hilltop newsletter

New-moon Update - May 2020

Today, Thursday 21st, is the New Moon day for the month of May, 2020. The next uposatha day will be the Full Moon which falls on Friday 5th June. As mentioned last Full Moon, from now on these news updates will be emailed out coinciding with the New Moon days. The Dhammapada Reflection will continue, as usual, to be emailed out on the Full Moon days. 

Hopefully you are all managing OK. Still the message of uncertainty is blaring loudly at us. Apparently, on the other side of the planet in New Zealand, they are relaxing restrictions somewhat, but that doesn't immediately do away with feelings of fear and anxiety. Here on Harnham Hill we are so far being very cautious about relaxing any restrictions. When we do, there will be a notice on our announcements page

Once again I wish to express sincere appreciation for the extraordinary care and kindness shown to us by our many friends and supporters during these difficult times. Rest assured we are all well fed; even the birds have been receiving incredibly generous offerings.

A few days ago I received a call from Luang Por Sumedho in Thailand. Some of you are probably aware that he had been planning to be at Amaravati this month leading a retreat and then staying on for the vassa. Obviously that is not going to happen now, so he has been calling around our various monasteries to check in and see how everyone is doing. Other than an ongoing issue he has with macular degeneration, he is well. He explained to me that he is having to learn to walk with a cane these days, but since he is to be 86 in a few weeks time that isn't surprising. We spoke about the benefits of working on cultivating contentment. He commented on the fact that it is work, and if we don't do our work then we risk the restlessness of the physical body taking us over.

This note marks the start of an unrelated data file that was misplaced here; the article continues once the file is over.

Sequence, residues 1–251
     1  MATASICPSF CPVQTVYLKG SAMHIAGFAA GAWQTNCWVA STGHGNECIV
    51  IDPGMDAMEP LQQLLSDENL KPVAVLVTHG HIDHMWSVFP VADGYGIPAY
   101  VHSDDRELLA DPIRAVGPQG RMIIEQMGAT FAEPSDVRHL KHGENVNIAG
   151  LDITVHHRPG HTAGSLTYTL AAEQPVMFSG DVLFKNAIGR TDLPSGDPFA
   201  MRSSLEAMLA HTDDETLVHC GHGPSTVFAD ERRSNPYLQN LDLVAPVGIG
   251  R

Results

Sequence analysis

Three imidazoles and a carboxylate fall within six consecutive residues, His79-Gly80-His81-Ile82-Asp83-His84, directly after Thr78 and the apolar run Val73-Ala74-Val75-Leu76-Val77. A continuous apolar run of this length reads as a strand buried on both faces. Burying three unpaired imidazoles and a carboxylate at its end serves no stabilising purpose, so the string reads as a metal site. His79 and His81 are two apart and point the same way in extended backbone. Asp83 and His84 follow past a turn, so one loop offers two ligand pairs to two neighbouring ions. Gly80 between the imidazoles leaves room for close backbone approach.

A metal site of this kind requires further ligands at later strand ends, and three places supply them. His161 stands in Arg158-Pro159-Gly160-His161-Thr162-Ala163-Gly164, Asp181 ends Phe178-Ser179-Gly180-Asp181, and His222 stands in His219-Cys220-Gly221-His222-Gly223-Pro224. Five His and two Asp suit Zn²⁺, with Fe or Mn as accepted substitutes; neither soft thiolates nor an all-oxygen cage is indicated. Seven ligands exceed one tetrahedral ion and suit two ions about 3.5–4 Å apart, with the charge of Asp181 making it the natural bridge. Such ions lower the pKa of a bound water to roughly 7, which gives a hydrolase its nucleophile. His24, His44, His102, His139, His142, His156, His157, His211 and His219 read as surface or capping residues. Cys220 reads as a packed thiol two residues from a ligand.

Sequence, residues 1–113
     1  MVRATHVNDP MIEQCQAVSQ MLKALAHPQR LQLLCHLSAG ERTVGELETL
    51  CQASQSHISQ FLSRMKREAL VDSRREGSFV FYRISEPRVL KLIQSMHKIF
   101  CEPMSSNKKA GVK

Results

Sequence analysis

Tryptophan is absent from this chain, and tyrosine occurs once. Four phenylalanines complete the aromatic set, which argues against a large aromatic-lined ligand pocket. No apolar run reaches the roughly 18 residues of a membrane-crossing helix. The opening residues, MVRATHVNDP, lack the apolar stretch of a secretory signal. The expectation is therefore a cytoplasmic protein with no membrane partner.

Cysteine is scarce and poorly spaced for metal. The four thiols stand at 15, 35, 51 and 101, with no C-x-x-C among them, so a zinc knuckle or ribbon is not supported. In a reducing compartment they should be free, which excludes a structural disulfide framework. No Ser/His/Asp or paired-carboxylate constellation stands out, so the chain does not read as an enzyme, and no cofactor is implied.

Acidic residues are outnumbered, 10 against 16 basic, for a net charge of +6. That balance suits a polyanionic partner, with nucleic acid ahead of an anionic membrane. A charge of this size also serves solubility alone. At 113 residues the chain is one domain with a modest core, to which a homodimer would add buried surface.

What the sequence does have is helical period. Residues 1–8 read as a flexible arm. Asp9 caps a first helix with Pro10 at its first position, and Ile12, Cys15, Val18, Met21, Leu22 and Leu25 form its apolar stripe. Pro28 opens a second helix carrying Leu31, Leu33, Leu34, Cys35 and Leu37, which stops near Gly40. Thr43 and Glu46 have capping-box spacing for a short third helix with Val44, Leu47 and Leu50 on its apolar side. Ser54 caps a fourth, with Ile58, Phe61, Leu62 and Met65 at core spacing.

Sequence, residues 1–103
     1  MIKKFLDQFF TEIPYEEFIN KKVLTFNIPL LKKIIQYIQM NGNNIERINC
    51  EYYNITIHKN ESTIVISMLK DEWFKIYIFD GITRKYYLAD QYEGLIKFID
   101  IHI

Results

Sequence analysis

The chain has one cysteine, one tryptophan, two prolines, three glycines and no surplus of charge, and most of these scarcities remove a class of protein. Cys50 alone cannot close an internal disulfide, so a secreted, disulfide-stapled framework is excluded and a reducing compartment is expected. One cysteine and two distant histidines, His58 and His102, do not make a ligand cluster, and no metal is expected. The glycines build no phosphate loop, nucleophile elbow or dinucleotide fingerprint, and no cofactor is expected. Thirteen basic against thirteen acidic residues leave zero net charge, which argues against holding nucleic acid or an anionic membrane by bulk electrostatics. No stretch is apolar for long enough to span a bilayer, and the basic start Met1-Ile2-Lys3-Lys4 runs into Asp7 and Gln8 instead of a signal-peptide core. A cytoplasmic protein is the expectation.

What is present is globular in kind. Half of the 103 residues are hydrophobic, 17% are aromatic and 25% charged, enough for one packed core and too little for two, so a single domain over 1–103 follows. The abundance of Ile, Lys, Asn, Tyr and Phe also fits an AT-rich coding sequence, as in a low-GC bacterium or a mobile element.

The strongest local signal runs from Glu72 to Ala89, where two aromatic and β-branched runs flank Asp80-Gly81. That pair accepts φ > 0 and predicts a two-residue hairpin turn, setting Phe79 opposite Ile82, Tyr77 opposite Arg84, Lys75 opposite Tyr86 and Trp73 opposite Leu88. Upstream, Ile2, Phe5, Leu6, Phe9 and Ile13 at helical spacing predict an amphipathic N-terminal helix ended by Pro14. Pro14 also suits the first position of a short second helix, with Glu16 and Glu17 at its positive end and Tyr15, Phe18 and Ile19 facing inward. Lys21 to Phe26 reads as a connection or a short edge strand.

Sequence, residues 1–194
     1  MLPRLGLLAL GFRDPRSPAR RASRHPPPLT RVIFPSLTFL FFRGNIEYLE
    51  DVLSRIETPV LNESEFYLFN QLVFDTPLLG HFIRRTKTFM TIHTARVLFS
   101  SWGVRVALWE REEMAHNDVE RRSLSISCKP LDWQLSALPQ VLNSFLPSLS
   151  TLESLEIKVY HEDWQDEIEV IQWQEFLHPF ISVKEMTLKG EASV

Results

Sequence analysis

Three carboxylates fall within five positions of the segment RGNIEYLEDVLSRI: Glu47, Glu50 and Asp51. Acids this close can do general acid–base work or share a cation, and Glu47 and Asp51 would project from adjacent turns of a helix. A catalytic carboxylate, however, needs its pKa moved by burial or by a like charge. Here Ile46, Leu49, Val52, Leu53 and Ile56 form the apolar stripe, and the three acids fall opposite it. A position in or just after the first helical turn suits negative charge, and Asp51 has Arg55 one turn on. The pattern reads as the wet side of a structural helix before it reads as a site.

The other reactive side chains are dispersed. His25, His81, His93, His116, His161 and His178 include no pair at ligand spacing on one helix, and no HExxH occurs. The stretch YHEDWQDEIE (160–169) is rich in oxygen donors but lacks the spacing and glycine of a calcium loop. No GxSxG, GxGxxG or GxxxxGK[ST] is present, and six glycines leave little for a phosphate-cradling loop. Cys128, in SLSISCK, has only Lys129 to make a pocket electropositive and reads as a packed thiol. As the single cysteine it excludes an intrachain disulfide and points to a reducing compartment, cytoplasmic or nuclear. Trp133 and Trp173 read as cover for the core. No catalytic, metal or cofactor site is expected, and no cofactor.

Besides contemplating the important message of uncertainty, during this time many people have been pondering on what other lessons they might usefully learn. Old age is inevitable, but do we prepare ourselves for that inevitability or are we shocked when it hits us. It matters whether or not we are prepared. Up until a few decades ago most of humanity lived their lives expecting that they would have to face challenges such as old age, famine, war, plague and petulance. As has probably been commented on by others, it is only in very recent history that we have managed to indulge in the notion that life keeps getting better all the time. 

In the talk I gave last Saturday called, Am I Destined To Feel Guilty Forever, I mentioned the benefits of intentionally retraining ourselves so that we are not overly surprised by the inevitable. That isn't to suggest we adopt a pessimistic approach, to do so is truly regrettable, it means that when we heed the teachings of the Buddha we make an effort to remember and reflect on the reality of this existence. The reality is that happiness and unhappiness come and go; success and failure come and go; gain and loss come and go; honour and insignificance come and go. We are all blown around by the 8 worldly winds and what matters is whether we can withstand those forces or are we blown over by them. Considering these aspects of reality is to cultivate the right kind of strength so we have a sense of inner refuge.

In the Dhammapada verse 329 says,

Gradually, gradually,
a moment at a time,
the wise remove their own impurities
as a goldsmith removes the dross. 

When we make the effort to remove the dross of unawareness, we boost our spiritual immune system so that when we are assailed by adversity we are better prepared for it. So let's all pay attention to what the Buddha taught and avoid falling into heedlessness.

Wishing that all beings be well in all ways.

Luang Por Munindo